This Act, together with the Rules, regulates the role and practice of HM Land Registry (The 1925 Reforms and Unregistered Land Law, 2006). The Land Registration Act 2002 simplified and modernised the law of land registration. It also makes the register reflect a more accurate picture of a title to land. It is intended to facilitate the introduction of e-conveyancing1. This Act makes some major changes to the law regulating registered land. Specifically, it enables shorter leases to be registered, introduces voluntary land registration, changes the system of protection of third party rights and reforms and modernises the law of adverse possession or squatters' rights. The Land Registration Act has been received with much critical acclaim. It is a work of monumental importance and monumental effort. The Land Registration Act 2002 contains significant new provisions that are directed towards the goal of total registration (Gray and Gray, 2006).
1/The Land Registry e-conveyancing (2006) defined e-conveyancing as the transformation of the current paper-based conveyancing system into electronic form, using electronic documents, requisitions and signatures, meaning, paperless. The programme aims to utilise advances in technology by creating a system that reduces the delay and anxiety which can be experienced in the house buying process.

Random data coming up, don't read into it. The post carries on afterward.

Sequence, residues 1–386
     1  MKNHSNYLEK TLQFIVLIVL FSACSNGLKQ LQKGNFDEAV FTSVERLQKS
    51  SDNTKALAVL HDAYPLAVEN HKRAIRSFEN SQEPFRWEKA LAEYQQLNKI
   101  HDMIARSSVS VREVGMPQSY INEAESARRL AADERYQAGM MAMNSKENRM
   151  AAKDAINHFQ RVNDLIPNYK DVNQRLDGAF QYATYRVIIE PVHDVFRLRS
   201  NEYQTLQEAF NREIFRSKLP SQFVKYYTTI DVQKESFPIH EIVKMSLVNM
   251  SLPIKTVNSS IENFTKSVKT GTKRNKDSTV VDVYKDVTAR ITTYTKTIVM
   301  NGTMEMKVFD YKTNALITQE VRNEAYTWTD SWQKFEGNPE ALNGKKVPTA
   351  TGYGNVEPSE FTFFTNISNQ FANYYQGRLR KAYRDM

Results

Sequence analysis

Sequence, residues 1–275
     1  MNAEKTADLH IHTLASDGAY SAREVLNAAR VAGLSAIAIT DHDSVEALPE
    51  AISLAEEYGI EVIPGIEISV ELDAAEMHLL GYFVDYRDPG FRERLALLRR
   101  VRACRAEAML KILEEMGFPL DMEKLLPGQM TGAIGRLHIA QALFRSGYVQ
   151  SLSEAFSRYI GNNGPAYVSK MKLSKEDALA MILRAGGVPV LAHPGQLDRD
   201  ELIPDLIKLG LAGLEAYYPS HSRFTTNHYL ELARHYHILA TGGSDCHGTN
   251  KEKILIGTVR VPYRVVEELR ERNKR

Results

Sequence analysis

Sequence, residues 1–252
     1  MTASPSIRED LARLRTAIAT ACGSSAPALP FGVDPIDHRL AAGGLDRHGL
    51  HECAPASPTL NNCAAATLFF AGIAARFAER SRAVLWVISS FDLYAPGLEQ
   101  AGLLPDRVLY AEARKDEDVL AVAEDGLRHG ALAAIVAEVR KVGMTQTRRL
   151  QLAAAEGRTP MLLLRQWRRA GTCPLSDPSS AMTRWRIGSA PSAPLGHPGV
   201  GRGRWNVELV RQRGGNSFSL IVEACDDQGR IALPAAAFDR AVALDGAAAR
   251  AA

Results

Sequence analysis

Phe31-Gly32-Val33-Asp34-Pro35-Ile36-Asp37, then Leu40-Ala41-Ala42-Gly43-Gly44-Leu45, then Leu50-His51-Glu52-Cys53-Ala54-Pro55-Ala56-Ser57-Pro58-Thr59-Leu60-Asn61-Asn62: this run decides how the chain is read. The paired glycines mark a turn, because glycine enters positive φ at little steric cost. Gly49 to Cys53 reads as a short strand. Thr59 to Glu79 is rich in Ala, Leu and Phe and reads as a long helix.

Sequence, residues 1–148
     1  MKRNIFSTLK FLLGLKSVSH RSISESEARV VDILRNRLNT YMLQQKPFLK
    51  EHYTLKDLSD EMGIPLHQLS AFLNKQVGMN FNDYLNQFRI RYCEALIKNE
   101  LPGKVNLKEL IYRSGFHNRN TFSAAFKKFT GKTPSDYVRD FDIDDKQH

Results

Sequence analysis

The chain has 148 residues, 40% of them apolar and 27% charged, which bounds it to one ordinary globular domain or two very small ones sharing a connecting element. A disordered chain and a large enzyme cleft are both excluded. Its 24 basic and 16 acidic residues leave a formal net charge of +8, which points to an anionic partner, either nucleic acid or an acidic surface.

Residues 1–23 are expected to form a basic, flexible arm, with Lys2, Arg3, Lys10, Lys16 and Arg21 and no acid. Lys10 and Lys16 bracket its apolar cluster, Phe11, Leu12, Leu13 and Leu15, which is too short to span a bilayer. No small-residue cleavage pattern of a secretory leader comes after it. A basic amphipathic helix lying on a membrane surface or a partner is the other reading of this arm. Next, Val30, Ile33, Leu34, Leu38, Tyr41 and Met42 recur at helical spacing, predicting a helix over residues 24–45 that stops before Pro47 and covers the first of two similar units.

According to the Land Law Legal Essays and Coursework (2005), ...
On the first registration, the registrar awards a grade of title to each registered estate. In the case of freehold estates, one of the following grades of title may be awarded according to section 11 of the Act.
The absolute freehold title shows there is nothing dubious about the title. The estate is vested in the proprietor and is subject only to entries on the register and overriding interests. Title does not have to be perfect. If the registrar believes that any defect will "not cause the holding under the title to be disturbed", absolute title will be given - section 9(3) of the Land Registration Act (Land Law Legal Essays and Coursework, 2005).
In the possessory freehold title, there is no documentary evidence of title, for example, lost title deeds. Title depends on adverse possession. It conveys no guarantee of title at the time of registration, but subsequent problems, for example forgery of proprietor's signature, will be covered by the guarantee. It can be upgraded into absolute title after being in possession as proprietor for twelve years as mentioned in section 62(1), (4)).
In the qualified freehold title, the title is subject to a fundamental defect. There is no guarantee in respect of the specified defect. It may be upgraded to absolute title if registrar is satisfied as to the title (section 62 of the Land Registration Act). On the other hand, in the case of leasehold estates, one of the following grades of title may be awarded according to section 12 of the Act. The absolute leasehold title is the same to absolute freehold except the proprietor is also subject to covenants in the lease.
The good leasehold title is the same as absolute leasehold except the right of the landlord to